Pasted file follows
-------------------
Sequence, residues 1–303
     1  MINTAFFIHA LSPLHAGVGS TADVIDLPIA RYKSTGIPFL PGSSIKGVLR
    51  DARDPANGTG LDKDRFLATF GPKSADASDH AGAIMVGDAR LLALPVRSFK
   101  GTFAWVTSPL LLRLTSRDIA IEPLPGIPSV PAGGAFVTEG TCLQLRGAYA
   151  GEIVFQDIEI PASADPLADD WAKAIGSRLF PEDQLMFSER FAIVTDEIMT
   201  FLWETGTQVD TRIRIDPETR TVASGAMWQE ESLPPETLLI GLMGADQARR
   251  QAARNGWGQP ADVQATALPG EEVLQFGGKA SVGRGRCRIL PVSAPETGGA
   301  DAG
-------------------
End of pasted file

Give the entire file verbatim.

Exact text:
Sequence, residues 1–303
     1  MINTAFFIHA LSPLHAGVGS TADVIDLPIA RYKSTGIPFL PGSSIKGVLR
    51  DARDPANGTG LDKDRFLATF GPKSADASDH AGAIMVGDAR LLALPVRSFK
   101  GTFAWVTSPL LLRLTSRDIA IEPLPGIPSV PAGGAFVTEG TCLQLRGAYA
   151  GEIVFQDIEI PASADPLADD WAKAIGSRLF PEDQLMFSER FAIVTDEIMT
   201  FLWETGTQVD TRIRIDPETR TVASGAMWQE ESLPPETLLI GLMGADQARR
   251  QAARNGWGQP ADVQATALPG EEVLQFGGKA SVGRGRCRIL PVSAPETGGA
   301  DAG